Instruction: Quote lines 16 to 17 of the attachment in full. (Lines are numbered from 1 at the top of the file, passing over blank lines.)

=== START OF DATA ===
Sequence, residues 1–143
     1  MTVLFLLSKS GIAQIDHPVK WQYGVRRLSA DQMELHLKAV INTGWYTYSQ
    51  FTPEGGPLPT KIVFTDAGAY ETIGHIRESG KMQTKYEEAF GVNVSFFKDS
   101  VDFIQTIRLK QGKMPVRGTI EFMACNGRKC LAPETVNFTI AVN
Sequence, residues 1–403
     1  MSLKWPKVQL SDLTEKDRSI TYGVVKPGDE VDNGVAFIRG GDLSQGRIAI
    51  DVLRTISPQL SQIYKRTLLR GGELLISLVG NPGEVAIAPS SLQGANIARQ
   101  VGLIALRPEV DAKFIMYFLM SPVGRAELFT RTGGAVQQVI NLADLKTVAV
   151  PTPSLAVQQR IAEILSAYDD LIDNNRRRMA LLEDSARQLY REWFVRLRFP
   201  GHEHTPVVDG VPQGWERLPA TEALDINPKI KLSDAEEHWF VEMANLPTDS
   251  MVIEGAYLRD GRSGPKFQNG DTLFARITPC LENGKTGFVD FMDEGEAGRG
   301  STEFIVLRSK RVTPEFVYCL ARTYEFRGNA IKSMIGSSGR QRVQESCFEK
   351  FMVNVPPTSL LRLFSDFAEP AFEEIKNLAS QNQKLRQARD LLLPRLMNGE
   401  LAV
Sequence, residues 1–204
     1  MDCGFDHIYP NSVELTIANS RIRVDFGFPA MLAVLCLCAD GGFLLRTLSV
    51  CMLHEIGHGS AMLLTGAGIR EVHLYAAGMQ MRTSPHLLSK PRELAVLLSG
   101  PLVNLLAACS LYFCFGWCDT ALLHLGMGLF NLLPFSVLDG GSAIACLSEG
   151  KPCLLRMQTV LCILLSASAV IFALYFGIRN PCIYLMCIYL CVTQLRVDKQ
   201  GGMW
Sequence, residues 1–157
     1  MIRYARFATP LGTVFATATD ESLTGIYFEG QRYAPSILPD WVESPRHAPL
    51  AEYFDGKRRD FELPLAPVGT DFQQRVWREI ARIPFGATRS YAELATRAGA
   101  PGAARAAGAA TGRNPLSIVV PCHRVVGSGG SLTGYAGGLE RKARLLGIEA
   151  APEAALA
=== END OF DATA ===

     1  MDCGFDHIYP NSVELTIANS RIRVDFGFPA MLAVLCLCAD GGFLLRTLSV
    51  CMLHEIGHGS AMLLTGAGIR EVHLYAAGMQ MRTSPHLLSK PRELAVLLSG